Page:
THE Singapore Real Estate Exchange (SRX) reported that resale suburban condominium prices rose by 5.1 per cent last month (“Resale suburban condo prices rise”; March 9).
This gave the impression that suburban property prices had gone up by 5.1 per cent when, in actual fact, prices may have softened a bit from January.
The SRX reports average per square foot (psf) figures, which depend a lot on the mix of properties transacted.
As the sales volume plunged for the general resale market (older private properties), the sub-sales of private properties that were still under construction, about to get their temporary occupation permit (TOP), or just received their TOP (new properties) will pull the average psf price up.
Also, the sizes of these sub-sales units are usually smaller, which will generally fetch higher psf prices.
The mix of private properties transacted is simply getting newer and smaller. Even if real actual prices were to remain the same, the SRX would still have reported higher average psf prices as long as the mix of transacted units was skewed towards the “newer” and “smaller” trend.
The more balanced Urban Redevelopment Authority (URA) private property index reported a price gain of 2.8 per cent last year, down from the 5.9 per cent gain the year before (“Prices of suburban condo units climb 3.4% on strong demand”; Jan 3).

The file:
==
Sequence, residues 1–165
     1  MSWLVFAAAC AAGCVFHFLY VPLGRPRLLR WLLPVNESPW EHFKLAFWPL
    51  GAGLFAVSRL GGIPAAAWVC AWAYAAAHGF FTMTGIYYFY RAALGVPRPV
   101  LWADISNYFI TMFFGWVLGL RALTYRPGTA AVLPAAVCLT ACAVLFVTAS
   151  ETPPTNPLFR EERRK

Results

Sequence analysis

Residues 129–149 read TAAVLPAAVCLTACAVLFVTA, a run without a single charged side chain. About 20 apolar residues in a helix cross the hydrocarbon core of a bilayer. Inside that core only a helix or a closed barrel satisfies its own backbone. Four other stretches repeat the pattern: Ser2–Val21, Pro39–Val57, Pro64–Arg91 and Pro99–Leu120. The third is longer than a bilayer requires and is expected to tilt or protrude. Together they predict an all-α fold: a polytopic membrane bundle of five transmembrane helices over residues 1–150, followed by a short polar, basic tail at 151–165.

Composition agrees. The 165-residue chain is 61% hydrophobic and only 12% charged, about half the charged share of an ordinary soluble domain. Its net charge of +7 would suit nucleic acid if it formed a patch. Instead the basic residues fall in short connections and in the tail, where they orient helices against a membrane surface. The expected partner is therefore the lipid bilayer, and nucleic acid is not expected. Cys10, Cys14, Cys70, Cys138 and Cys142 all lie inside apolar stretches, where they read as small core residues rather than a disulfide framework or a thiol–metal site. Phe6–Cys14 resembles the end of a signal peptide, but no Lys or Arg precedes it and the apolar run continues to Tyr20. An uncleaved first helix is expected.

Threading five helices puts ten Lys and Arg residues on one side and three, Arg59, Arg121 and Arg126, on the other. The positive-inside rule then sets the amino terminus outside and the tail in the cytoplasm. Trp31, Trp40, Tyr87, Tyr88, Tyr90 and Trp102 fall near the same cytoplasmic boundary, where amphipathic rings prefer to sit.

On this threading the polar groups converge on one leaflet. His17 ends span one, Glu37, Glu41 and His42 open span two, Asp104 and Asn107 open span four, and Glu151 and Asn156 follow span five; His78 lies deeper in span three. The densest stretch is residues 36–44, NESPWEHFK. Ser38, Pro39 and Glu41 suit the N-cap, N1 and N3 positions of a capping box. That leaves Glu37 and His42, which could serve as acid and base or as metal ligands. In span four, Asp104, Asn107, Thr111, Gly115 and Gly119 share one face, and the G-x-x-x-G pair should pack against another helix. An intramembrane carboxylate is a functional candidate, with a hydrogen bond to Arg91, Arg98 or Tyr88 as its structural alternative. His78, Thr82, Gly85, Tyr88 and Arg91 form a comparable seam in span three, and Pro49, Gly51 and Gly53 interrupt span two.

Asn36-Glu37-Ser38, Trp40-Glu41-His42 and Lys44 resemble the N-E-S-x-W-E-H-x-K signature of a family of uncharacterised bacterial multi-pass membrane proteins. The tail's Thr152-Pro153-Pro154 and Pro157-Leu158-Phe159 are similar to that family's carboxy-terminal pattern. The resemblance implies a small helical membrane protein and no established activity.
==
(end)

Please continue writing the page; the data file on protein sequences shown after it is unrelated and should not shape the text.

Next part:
The difference is that the URA index adjusts for the size and age of private properties transacted, whereas the SRX does not.
As the Housing Board does not build shoebox flats, and new flats can be sold on the resale market only after the five-year minimum occupation period, the SRX actually reported a drop in last month’s HDB resale prices.
Sales volume was reported to have dropped sharply last month and developers’ share prices plummeted as a result of the poor outlook.
All these, I believe, are more indicative of the true state of the Singapore property market now.
The SRX’s reported average psf price is a misleading indicator of the health and price trend of the Singapore property market. As a result, many Singaporeans may feel that the Government’s property cooling measures are ineffective when, in actual fact, they could be working very well.